I’ll be home for Mother’s Day.
School is over for the semester. My obligations as a teacher and a student are, temporarily, finished. For a little while I go back to being a person without a schedule. It is a good time to see my mother.
After a great deal of trying and the best of intentions, my relationship with Daniel has come to an end. I am no longer one in a party of two, half a pair of tickets, Carrie and… anybody else. It is one more role I have to give up. And it is a good time to see my mother.
Saying goodbye to my students at the end of the school year was hard. Not a mother myself, I felt a little like one as I gave them brownies and last words of advice. Saying goodbye to my fellow classmates was painful in these workshops where we have all laughed and learned and shared so much. My cat Lucy died last week and saying goodbye to her was hard, even though I could see she was tired and needed to leave. Saying goodbye to Daniel was hardest of all, even though I know we had both tried our best to make things work out differently.
And even if all of these endings came at an appropriate time, all of these endings make it hard to know who I am, in this moment, hard to remember who Carrie is without any of her roles.
But through it all, I am my mother’s daughter. And, in this time of not very much definition, that sounds pretty good to me. Because my mother doesn’t really care if I get a book published, or land an important job, or have a fancy title, and she never has.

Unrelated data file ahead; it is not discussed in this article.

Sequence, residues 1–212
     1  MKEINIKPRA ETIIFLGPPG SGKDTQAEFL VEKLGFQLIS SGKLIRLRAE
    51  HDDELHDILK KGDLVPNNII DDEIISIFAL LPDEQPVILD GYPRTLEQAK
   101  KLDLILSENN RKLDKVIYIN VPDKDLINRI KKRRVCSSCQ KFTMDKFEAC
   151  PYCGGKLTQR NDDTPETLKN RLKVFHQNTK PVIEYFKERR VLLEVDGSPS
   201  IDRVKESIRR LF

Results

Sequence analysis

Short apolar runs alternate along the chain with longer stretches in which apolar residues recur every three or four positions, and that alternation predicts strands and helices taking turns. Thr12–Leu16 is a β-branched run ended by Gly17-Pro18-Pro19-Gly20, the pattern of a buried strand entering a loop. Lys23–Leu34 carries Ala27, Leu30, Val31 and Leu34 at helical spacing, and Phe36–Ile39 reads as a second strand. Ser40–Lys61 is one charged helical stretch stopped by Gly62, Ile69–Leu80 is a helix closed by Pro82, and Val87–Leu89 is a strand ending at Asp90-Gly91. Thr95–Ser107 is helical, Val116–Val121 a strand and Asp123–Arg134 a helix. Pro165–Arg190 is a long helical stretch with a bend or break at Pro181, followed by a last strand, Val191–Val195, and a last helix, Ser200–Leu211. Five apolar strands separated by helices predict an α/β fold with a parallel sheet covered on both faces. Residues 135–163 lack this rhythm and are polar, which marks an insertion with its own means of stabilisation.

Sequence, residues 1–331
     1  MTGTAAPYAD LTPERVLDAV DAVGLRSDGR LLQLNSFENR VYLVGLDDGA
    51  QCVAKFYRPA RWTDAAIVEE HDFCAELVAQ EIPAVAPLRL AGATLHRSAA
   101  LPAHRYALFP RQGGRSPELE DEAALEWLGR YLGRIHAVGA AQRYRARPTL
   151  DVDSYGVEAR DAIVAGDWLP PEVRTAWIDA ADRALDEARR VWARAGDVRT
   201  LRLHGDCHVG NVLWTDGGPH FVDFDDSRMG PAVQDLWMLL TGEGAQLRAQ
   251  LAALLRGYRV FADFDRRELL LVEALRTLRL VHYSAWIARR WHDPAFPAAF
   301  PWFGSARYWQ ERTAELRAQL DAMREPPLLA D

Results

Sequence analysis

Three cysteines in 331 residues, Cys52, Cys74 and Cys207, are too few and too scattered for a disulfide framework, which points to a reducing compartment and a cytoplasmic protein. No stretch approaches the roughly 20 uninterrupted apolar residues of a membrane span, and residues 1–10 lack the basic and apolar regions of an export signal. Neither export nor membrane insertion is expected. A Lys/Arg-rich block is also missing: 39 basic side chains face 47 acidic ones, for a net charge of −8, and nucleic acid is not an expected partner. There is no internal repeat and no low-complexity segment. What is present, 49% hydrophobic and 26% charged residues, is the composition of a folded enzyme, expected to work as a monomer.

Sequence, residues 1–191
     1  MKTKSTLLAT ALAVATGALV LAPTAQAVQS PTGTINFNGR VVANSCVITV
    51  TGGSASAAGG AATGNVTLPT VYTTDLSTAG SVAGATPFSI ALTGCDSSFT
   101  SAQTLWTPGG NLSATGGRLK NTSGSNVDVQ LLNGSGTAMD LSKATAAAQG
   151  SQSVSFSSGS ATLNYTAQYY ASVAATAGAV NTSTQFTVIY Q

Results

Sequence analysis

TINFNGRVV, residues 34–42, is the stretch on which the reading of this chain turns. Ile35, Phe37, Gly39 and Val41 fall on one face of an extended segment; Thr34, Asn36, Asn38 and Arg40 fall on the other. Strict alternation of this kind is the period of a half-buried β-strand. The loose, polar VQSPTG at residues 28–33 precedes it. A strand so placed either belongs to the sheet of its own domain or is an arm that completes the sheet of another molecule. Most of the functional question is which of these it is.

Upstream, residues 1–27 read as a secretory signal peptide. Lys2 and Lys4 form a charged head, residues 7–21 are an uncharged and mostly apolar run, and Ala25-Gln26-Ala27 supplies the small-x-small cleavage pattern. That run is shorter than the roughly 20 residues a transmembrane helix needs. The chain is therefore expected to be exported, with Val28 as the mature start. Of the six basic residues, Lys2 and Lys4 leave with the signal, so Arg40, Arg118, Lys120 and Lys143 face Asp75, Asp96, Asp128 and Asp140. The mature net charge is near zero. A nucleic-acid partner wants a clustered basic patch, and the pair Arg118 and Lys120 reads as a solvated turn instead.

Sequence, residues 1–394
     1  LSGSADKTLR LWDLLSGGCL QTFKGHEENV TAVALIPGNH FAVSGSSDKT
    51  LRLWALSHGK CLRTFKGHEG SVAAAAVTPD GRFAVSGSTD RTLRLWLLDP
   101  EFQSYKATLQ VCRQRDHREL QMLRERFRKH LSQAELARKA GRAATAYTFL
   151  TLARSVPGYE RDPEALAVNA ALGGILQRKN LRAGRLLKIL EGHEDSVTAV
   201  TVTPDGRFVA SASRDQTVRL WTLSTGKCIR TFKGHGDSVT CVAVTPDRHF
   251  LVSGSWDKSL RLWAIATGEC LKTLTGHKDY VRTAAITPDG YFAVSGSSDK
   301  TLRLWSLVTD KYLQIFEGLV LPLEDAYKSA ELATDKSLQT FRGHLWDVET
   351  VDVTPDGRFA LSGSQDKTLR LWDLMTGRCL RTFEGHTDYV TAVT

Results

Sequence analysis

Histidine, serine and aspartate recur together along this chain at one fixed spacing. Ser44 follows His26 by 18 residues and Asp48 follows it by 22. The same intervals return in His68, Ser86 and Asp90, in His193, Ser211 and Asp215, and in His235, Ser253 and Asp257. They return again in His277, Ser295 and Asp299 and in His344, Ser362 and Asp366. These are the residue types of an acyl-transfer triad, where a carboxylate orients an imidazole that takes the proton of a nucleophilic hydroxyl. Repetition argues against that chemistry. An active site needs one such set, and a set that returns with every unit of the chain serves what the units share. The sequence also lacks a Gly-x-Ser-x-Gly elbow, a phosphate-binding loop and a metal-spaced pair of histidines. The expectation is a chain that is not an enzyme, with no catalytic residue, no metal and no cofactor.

While I worry about whether I am learning fast enough or teaching well enough, my mother asks, “Are you having fun?”
My mother doesn’t see me as a middle-aged, divorced woman, mourning her dead cat, just washed out in the romance department and feeling adrift. While I feel like a bit of a failure and wonder if I will ever have anyone to share my life with, my mother says, “I’m so sorry, we really liked him.”
And that is why it is good I’ll be home for Mother’s Day.
Because I need my mother and the other people in our life— my family, my oldest and dearest friends— who know me too well and have shared my life for too long to be influenced by my professional conquests or my romantic tribulations. The people who care about me most see me as the imperfect and struggling person I have always been.
I met a woman recently who did not have the loving relationship with her mother that I have with mine. She kept a photo of her mother on her desk that showed her mother as a young woman, young enough to be this woman’s daughter. When she felt frustrated with her mother, she would look at this vulnerable young woman in the photo and her heart would soften. It helped her accept her mother as the person she was, as a daughter, as someone who was once a child. I like that.
I like the idea of looking at everyone a bit more as a mother would. I want to remember to see others not for what they do or have accomplished today, but see the child inside that never entirely goes away, and remember to ask…
“Are you having fun?”
Till next time,